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Memory of the World

UNESCO's programme aiming at preservation and dissemination of valuable archive holdings and library collections worldwide
Egypt - Dar Al-Kutub Manuscripts

The National Library and Archives of Egypt (Dar Al-Kutub) was the first national library in the Middle East. It was established in 1870, due to the suggestion of Refa'a Al-Tahtawi (1801-1872) to buildup a library in Egypt under the supervision of Ali Mubarak. Valuable collections of books and manuscripts were gathered from different sources. A number of geometrical instruments and maps were also included. Dar Al-Kutub was inaugurated to the public on the 24th September 1870 AD.
Dar Al-Kutub was know as Al-Kutubkhana Al-Khedeweya and it started its activities at Mustafa Fadel's palace, in Darb Al-Djamamiz, Cairo. Later on, the library's holdings increased, and so did the number of its visitors. Among them were scholars, professors, cultured people and students. To accommodate this, a new building was established in Bab Al-Khalq. Its cornerstone was laid in 1899, and it was officially inaugurated in 1904. It comprised 54 thousand volumes including manuscripts and books.

During more than half a century, Dar Al-Kutub's collections increased beyond the capacity of the building in Bab Al-Khalq. A modern building was thus constructed along the Nile in Cairo, and most of the holdings, including the manuscripts, were moved there in 1971.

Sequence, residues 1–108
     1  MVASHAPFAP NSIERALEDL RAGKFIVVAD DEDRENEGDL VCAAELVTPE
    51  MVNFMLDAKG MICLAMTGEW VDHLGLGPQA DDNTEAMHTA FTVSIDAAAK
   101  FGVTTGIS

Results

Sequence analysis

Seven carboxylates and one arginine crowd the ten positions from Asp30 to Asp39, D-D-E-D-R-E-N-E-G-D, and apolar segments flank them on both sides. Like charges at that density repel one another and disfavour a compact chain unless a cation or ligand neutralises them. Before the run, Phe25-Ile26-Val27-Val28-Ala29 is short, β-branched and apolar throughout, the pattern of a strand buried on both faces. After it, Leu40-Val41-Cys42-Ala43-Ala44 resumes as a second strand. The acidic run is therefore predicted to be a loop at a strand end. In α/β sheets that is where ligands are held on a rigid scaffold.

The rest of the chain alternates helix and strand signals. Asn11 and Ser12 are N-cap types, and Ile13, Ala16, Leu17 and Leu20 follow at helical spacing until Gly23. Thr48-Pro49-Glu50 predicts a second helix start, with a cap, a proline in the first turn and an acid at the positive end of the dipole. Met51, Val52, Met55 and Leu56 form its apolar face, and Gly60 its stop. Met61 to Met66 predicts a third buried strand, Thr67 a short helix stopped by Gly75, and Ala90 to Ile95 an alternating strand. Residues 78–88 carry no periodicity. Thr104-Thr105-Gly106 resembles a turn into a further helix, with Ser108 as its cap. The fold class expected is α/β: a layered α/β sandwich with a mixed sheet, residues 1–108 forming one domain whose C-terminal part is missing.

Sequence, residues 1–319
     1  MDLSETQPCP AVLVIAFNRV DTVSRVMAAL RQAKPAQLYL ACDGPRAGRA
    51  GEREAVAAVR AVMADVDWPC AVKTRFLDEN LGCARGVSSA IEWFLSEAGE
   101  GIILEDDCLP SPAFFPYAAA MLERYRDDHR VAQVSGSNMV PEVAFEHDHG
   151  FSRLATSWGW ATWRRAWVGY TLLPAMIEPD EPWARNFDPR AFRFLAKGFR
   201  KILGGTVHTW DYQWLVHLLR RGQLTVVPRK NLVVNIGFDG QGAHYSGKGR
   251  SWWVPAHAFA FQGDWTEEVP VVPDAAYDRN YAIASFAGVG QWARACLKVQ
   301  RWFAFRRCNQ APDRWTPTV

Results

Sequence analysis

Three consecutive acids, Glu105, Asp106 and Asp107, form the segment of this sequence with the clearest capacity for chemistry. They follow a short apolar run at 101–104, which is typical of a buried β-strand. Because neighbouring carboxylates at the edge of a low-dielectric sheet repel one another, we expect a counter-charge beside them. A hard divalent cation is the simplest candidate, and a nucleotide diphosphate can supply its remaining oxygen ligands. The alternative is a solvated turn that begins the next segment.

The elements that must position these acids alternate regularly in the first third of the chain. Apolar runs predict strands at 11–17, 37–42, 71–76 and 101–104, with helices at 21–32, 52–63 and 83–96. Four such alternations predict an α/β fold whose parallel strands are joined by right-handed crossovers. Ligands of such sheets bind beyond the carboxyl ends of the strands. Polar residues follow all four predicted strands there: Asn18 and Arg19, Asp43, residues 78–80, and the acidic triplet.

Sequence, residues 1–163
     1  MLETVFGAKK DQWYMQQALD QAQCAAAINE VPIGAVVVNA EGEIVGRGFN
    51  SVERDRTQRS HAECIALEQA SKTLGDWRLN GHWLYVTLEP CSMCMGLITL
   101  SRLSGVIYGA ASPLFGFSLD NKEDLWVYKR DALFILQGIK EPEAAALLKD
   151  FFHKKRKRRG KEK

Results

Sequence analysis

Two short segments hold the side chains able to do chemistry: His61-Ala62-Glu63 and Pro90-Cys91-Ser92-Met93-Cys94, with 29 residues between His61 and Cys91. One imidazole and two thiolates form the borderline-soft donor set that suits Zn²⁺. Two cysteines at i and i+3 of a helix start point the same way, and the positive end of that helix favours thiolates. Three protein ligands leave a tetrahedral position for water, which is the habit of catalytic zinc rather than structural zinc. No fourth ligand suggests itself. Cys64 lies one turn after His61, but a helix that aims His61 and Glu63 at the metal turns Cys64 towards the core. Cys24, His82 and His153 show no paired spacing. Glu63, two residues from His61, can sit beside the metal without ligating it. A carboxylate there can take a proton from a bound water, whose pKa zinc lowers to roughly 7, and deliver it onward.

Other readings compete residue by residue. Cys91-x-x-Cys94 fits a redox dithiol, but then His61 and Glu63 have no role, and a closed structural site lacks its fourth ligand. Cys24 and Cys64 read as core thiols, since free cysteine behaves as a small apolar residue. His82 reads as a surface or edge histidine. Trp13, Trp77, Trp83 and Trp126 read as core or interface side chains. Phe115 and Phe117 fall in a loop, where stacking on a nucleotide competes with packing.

The manuscripts collection

The manuscripts collection in Dar Al-Kutub is indeed a national treasure, as it reflects the splendors of the Arabic and Islamic culture.

In 1870, the collection was formed by gathering manuscripts of the Holy Qur'an, and various Arabic, Persian and Turkish manuscripts from mosques, government offices, and endowment treasuries. Later on, Dar Al-Kutub received large collections from private library owners, the most important of which being Al-Khazana Al-Zakeya treasury; named in relation to Ahmad Zaki Pasha, and Al-Taymureya library; named in relation to Ahmad Taymur Pasha, the esteemed scholar and writer. Consequently, Dar Al-Kutub became the largest center for Arabic manuscripts in Egypt. The collection in Dar Al-Kutub complements manuscripts kept in the libraries of Al-Azhar, Cairo University, Alexandria, Mansoura, Tanta, Damietta, Sinai, and cities of Upper-Egypt. They all sum up to about one hundred thousant volumes, placing Egypt in a distinguished position with respect to knowledge and culture.

Within the framework of UNESCO "Memory of the World" Programme, the Regional Information Technology and Software Engineering Center (RITSEC) developed a CD-Rom entitled "Dar Al-Kutub Manuscripts, Arab Contributions to the World's Scientific Heritage."
This Cd-Rom contains an introduction about the most important sciences that Arabs have excelled in. These sciences are Mathematics, Astronomy, Medicine, Engineering, Pharmacology, Chemistry and Mechanics. It also presents a bibliography about the most distinguished Arab scientists as well as their contributions and Manuscripts.

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